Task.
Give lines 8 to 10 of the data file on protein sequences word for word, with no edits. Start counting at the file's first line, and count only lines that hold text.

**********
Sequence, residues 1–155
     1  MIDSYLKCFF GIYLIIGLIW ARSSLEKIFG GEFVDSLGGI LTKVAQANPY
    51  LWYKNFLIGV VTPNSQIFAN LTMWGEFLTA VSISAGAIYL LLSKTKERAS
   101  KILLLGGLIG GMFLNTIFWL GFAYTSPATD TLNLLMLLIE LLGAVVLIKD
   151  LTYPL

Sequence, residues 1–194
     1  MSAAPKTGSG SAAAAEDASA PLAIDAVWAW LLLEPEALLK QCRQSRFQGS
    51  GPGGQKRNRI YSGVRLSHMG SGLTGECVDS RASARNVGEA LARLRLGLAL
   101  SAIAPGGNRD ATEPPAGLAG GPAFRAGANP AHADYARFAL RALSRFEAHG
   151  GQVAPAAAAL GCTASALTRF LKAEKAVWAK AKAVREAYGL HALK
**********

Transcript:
    51  GPGGQKRNRI YSGVRLSHMG SGLTGECVDS RASARNVGEA LARLRLGLAL
   101  SAIAPGGNRD ATEPPAGLAG GPAFRAGANP AHADYARFAL RALSRFEAHG
   151  GQVAPAAAAL GCTASALTRF LKAEKAVWAK AKAVREAYGL HALK